Neptunplatz is a big rectangular square along Venloer Strasse in Ehrenfeld. It wouldn’t really be worth a mention if there wasn’t that one special building: the Neptunbad or swimming pool and spa center. I couldn’t have a look inside as I didn’t have my swimming gear with me but the photos I found are quite impressive and the exterior of the building doesn’t look like a swimming pool building at all. It dates back to 1912!
How to get to Cologne
I traveled to Cologne by train. First, I took an intercity train from Leuven to Liège-Guillemins and then I hopped on board a Thalys to Cologne Central Station. This journey took me less than two hours, the bus ride to the train station of Leuven not included.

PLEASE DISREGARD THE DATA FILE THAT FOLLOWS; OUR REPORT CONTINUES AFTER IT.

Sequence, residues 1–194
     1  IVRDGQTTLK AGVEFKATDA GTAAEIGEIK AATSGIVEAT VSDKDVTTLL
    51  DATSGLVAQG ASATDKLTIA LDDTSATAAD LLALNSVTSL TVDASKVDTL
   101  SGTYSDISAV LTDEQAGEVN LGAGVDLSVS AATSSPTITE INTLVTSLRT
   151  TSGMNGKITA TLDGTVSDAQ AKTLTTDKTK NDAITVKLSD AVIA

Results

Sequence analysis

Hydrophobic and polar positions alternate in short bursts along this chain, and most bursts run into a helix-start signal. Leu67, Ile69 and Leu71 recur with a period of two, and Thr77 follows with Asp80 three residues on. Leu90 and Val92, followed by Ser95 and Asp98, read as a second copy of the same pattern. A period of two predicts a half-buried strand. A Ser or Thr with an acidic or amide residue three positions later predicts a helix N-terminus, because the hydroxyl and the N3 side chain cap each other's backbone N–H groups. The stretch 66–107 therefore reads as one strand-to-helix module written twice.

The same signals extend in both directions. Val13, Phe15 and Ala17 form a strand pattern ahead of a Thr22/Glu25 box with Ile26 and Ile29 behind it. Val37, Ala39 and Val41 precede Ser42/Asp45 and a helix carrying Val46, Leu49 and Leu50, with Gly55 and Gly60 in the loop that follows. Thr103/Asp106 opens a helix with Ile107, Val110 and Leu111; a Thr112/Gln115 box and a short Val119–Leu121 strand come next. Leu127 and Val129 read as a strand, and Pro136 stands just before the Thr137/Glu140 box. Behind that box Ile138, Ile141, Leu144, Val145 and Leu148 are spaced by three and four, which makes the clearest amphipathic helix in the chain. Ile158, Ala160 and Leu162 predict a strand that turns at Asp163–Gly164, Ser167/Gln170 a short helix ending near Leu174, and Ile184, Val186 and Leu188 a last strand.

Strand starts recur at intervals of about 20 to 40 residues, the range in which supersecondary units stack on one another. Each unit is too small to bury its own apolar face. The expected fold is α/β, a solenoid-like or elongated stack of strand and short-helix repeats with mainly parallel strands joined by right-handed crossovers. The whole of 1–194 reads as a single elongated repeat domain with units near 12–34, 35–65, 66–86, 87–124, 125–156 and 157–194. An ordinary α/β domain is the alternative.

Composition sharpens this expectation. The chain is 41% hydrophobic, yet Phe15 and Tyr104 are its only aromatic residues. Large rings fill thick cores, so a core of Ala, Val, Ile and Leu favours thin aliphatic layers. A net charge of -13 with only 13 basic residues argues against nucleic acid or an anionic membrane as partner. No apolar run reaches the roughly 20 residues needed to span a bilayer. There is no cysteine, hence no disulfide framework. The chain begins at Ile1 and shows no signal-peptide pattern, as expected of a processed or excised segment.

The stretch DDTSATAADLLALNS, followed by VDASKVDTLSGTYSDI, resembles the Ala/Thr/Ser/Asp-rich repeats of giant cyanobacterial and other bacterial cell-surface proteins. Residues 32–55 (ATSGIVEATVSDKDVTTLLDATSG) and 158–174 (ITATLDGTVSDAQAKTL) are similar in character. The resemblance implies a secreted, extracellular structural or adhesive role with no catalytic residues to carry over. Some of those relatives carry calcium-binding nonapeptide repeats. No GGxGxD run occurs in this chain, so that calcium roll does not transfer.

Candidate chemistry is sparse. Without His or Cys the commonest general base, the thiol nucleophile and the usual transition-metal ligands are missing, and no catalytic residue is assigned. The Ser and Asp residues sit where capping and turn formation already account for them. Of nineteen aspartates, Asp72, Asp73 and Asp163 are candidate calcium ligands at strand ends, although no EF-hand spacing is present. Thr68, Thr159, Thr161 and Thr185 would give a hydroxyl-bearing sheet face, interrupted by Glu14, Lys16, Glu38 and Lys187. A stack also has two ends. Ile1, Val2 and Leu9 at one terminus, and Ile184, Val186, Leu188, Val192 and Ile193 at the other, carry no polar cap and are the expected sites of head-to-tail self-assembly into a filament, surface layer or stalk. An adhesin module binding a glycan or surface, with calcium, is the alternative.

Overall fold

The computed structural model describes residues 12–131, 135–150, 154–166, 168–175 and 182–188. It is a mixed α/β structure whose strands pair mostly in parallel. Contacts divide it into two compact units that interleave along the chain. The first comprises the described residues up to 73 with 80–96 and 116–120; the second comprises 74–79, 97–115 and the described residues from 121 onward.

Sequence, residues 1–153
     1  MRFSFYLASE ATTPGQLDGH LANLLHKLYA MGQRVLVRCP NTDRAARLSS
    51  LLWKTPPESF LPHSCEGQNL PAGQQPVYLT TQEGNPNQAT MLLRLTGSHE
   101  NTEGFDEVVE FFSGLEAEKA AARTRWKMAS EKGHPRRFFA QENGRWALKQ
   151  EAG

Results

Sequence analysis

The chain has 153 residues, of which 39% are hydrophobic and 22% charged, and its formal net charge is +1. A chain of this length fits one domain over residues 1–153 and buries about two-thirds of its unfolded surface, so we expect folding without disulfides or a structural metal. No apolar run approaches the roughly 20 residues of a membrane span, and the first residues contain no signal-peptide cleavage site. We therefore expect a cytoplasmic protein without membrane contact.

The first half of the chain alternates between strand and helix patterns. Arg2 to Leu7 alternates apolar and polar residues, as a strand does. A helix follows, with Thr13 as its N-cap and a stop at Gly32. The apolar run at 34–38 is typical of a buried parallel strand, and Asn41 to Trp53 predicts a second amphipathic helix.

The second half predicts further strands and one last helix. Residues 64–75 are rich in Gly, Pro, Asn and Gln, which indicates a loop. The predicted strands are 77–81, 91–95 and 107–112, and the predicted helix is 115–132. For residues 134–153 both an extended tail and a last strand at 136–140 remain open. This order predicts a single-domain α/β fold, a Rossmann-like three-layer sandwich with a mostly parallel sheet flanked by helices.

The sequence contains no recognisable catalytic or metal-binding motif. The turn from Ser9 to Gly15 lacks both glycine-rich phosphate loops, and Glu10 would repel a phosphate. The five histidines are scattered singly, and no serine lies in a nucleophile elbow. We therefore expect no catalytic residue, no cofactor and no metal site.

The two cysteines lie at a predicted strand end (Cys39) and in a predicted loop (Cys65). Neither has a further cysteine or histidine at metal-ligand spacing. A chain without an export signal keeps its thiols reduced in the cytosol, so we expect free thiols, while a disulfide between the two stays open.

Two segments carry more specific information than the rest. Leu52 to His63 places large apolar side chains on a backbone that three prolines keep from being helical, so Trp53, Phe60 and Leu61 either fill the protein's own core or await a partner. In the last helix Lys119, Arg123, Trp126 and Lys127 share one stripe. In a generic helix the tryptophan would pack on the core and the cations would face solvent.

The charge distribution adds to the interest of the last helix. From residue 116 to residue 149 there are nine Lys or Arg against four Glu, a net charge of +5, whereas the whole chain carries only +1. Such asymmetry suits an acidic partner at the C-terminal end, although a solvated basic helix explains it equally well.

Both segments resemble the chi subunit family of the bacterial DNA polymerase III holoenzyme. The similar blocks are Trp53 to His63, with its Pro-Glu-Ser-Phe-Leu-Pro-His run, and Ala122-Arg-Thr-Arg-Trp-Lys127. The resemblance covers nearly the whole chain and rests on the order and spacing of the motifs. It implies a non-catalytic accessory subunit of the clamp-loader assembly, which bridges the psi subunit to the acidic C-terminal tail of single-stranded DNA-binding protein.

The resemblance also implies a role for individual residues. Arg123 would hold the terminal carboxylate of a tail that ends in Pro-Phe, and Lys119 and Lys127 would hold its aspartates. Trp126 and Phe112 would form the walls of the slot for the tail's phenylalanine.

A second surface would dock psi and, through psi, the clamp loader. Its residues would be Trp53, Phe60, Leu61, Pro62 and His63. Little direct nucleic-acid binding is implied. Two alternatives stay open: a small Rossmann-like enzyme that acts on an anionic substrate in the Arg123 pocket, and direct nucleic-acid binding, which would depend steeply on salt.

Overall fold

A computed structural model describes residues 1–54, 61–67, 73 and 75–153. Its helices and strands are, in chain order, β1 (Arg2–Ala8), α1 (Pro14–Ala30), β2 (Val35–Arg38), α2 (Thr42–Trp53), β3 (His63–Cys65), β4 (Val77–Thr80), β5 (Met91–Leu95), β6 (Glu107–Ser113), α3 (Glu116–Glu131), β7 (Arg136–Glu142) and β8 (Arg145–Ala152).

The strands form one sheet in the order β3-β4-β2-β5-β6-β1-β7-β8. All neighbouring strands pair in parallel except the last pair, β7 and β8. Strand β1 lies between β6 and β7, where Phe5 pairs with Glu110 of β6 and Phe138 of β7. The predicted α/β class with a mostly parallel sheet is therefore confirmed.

Where to stay in Cologne
While I was in Cologne, I stayed at Hostel Köln in a private room. Hostel Köln offers free wifi and breakfast as well as computers to work on in the lobby. My room was equipped with a television, a small desk, and free wifi. Towels and bed linen were provided, as was soap. I loved the hotel’s central location, right between the lively Aachener Strasse, the Belgian Quarter and Neumarkt where several tram lines pass.
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My trip to Cologne happened in collaboration with the Cologne Tourist Board, Germany Travel and Thalys. As always, all opinions expressed here are my own. Some of the links in this post are affiliate links. If you book a stay through them, I earn a small commission at no extra cost to you. Thanks for supporting the site!